Spargelzeit in Germany

It is officially Spargelzeit. Asparagus season.

Asparagus is the first home grown fresh crop of the season, allegedly. After a long winter of Sauerkraut and pickled gherkins, the Germans can’t wait for fresh food to come round again, so they tell me.

Now, before you start sending food parcels, let me point out that in the days of supermarkets and year round fresh produce, this simply isn’t true … but the Germans still manage to believe it, despite all the evidence in their fridges and pantries. In reality these days, Spargelzeit is a bit like having chocolate at Easter when you didn’t actually fast during Lent.

Of course Spargel has been in the shops for weeks now – but that’s foreign asparagus. German asparagus is just coming into season now. It’s grown all around Germany – you can spot the tell-tale signs of an asparagus crop because you’ll see what looks like some sort of military or industrial pipeline installation. Sometimes all you see is black ridges of earth – as though giant moles had been crawling in parallel lines across the field. This is, of course, just a method of keeping the asparagus white by ensuring it doesn’t see the light of day.

Asparagus growing under cover

Harvesting asparagus is back-breaking work… so on behalf of all ungrateful German gourmets I hereby offer heartfelt thanks to all the migrant labourers who schlepp over to Germany from Eastern Europe and beyond and do the awful job for the minimum wage (if they’re lucky). Every shoot has to be cut by hand and packed into a box for transport.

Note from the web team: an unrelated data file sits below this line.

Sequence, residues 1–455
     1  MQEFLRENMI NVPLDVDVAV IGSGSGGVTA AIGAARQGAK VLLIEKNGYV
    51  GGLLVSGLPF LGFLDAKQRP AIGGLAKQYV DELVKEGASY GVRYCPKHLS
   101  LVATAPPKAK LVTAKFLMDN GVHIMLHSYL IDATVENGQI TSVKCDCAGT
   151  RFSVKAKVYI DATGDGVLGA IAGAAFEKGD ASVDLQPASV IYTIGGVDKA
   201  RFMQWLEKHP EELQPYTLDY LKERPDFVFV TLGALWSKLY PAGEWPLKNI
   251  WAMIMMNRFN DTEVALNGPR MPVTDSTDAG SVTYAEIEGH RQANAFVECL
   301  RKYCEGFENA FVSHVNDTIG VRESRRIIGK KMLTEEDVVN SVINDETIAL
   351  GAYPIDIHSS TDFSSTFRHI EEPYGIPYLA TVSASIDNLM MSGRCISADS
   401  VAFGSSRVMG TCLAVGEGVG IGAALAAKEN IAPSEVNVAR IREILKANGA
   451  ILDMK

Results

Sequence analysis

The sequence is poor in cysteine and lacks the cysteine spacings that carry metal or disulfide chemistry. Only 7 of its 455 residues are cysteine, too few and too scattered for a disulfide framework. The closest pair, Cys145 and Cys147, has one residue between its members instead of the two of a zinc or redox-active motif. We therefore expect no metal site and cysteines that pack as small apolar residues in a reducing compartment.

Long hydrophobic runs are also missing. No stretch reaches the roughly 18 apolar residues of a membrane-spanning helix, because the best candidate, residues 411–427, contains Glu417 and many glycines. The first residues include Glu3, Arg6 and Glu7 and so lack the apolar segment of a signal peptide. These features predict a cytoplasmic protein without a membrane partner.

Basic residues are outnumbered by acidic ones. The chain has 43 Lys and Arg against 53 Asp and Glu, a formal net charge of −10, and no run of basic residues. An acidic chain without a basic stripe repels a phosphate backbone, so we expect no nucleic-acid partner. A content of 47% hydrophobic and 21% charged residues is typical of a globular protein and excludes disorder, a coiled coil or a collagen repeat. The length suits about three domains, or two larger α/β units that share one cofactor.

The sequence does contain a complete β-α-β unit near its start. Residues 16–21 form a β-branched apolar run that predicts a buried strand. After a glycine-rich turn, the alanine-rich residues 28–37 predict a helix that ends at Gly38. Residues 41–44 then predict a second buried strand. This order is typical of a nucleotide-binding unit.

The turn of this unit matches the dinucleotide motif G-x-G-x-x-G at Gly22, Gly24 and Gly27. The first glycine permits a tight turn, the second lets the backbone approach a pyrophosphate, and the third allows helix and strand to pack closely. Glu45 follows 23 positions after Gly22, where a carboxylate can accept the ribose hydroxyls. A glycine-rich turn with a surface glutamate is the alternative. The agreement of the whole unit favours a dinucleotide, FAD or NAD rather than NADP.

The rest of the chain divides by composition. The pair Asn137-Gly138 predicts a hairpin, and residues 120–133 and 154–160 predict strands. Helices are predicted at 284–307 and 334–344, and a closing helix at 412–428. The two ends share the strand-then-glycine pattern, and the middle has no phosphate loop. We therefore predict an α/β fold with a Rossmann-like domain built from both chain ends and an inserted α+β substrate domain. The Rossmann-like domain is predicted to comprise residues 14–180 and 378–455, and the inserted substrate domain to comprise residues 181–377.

Lower back pain guaranteed....

German restaurants abandon their entire regular menu at this time of the year, and introduce a special Spargelmenu… asparagus soup, asparagus salad, pasta with asparagus, ham with asparagus…. but the absolute classic is asparagus with sauce hollandaise and potatoes.

Germans dream of this all winter, apparently.

As a result of this culinary obsession with asparagus, conversation in Germany becomes very tedious at this time.  Where there used to be animated debate about politics, literature, art and science, now there is only one topic which occupies the excitable brains of the teutonic nation.

Does asparagus make your urine smell?





Filed under About Germany, asparagus, food, Life in Germany

8 responses to “Spargelzeit in Germany

  1. Lucy NT

    Yum, I cant wait to go to Germany in the next two weeks. Do you think there is still asparagus then? By the way, my urine does have a distinctive smell whenever I eat asparagus. 😀

  2. Yup, Spargelzeit indeed. We just had our first Spargel of the season — Beelitzer Spargel at that. I can’t say it’s my favorite German dish, but as long as it’s only available for a limited time I can handle it. 🙂

  3. In New Zealand most of the asparagus is green – grown in the open air. We very rarely see white asparagus, which looks anaemic to me.

  4. Spargelzeit is a bit like having chocolate at Easter when you didn’t actually fast during Lent.

    Or like drinking and fornicating during Karneval, when you don’t intend to stop it for the next forty days…

  5. Does asparagus make my urine smell? No, because I’d never let my lips near that ghastly vegetable ever again.

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